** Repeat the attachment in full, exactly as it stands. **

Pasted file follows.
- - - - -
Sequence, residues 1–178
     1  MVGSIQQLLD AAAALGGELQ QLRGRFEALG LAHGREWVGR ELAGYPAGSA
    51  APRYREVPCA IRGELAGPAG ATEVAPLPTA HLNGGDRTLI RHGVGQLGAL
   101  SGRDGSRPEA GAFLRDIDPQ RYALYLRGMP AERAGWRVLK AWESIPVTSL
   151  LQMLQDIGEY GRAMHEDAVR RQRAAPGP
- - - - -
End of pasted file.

Sequence, residues 1–178
     1  MVGSIQQLLD AAAALGGELQ QLRGRFEALG LAHGREWVGR ELAGYPAGSA
    51  APRYREVPCA IRGELAGPAG ATEVAPLPTA HLNGGDRTLI RHGVGQLGAL
   101  SGRDGSRPEA GAFLRDIDPQ RYALYLRGMP AERAGWRVLK AWESIPVTSL
   151  LQMLQDIGEY GRAMHEDAVR RQRAAPGP